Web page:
Definitely a sport (scoring involved)
Lots of strategy
Casual people can actually play it
Slower pace allows explanation of strategy
Unfamiliar to many Americans
Ruined by commercials
Wait, what? Ruined?
Yes. NBC is making the same mistake that networks made with soccer for 20-30 years in the US, repeatedly killing its televised popularity as participation in the sport soared. (This would be akin to buying a home above list price these days.) Just as ESPN tried to force soccer into their standard sporting template during the World Cup and got bashed repeatedly for ignoring live action, NBC cuts away from live play to show commercials in the middle of an end, usually not even bothering to show the shots you missed while they were away. The stranger part is that they'll come back from commercial after the 5th end (the halfway point), then cut to commercials again, then miss the first couple of rocks in the 6th.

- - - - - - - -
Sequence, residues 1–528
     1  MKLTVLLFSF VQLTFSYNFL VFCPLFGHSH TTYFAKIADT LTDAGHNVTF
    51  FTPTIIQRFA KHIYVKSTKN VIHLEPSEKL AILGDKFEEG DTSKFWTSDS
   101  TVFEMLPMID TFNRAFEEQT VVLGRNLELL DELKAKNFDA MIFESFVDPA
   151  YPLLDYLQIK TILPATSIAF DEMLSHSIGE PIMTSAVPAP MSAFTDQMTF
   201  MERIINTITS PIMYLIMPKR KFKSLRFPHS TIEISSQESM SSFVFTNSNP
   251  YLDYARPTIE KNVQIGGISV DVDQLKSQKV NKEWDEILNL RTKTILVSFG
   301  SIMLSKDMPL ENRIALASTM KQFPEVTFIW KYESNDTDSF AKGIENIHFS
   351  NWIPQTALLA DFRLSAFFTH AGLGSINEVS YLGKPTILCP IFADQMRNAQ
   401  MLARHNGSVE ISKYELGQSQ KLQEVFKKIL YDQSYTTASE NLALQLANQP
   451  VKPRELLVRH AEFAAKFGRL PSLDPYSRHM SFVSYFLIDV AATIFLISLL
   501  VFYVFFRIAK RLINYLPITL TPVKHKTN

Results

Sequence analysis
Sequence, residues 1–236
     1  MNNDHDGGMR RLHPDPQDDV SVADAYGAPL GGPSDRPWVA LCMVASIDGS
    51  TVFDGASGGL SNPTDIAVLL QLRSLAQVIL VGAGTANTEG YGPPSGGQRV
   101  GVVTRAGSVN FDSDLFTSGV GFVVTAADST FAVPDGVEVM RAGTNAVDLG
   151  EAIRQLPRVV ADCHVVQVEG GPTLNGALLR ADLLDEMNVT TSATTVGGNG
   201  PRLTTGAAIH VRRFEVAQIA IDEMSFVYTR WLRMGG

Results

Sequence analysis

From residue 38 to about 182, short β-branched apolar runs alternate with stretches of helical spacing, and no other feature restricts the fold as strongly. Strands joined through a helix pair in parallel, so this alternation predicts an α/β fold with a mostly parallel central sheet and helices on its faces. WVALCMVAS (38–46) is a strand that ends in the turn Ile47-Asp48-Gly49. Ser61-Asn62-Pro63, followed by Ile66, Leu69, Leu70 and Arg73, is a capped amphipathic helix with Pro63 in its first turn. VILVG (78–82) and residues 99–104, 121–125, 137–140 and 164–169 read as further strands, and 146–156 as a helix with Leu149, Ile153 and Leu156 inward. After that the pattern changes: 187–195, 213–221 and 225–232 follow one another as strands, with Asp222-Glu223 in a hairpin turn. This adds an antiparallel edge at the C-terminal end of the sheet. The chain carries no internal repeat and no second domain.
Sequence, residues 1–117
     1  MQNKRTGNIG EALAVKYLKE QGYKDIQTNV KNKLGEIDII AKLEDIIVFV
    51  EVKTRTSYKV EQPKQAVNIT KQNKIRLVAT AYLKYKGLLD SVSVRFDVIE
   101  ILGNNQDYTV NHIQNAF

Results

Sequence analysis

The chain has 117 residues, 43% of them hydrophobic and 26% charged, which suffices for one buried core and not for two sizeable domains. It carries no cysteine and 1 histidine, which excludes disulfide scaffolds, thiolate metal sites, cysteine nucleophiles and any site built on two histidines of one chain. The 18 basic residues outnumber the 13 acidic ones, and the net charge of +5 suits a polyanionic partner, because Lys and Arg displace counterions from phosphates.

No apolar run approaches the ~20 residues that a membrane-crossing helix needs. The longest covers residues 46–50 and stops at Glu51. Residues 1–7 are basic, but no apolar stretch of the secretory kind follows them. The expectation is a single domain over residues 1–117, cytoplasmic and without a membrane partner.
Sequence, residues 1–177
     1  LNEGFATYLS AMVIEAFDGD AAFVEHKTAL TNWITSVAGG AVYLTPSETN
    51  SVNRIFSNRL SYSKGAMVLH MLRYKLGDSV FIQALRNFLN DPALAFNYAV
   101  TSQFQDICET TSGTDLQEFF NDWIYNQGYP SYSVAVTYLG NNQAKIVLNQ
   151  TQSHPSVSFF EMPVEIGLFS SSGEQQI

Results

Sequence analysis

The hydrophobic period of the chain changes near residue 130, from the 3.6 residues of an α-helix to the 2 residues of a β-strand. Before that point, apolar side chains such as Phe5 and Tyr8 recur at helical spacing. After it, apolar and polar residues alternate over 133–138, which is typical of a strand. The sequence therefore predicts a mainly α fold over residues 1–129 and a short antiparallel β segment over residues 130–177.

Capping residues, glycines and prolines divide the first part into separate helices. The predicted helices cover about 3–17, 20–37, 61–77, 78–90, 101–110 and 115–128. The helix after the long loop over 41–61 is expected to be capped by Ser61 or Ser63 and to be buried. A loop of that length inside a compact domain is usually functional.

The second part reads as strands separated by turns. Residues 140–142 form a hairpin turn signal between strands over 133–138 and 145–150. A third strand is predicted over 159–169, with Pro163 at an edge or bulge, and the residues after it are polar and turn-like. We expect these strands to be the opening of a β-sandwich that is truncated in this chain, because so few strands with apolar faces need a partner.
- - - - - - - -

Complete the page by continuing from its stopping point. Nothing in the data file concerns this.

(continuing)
If you want to increase the popularity of a sport on television, you have to show it in a manner that supports the sport. NBC, of course, is the network least capable of doing this on the planet, and thus we get the exact opposite.
Look, more people in the US are going to be watching the Olympics right now than would watch all of the individual sports combined during the years in between. Now is the chance to teach people about it ... show something like Canada vs. Great Britain, so you've got skilled teams with the crowd reacting to each shot, and show the whole thing. Talk about strategy, scoring, everything. Get people involved. And instead of burying your snout even deeper in the trough of advertising money, lift your piggy head, take a deep breath, and let the sport speak for itself. We've already seen the same commercials 20 times over anyway: the Olympics are just like all other televised sports in that you get the same commercials over and over again, except there are so many days that the commercial overkill happens after a day or two instead of weeks.
It makes me sad. There are people at NBC who are responsible for nothing other than sports coverage, and they're obviously so bad at their jobs that trained monkeys would be offended if asked to replicate the work. Yet they are still employed. Dear NBC, hire me at half what they're making, and I'll make your sports coverage ten times better.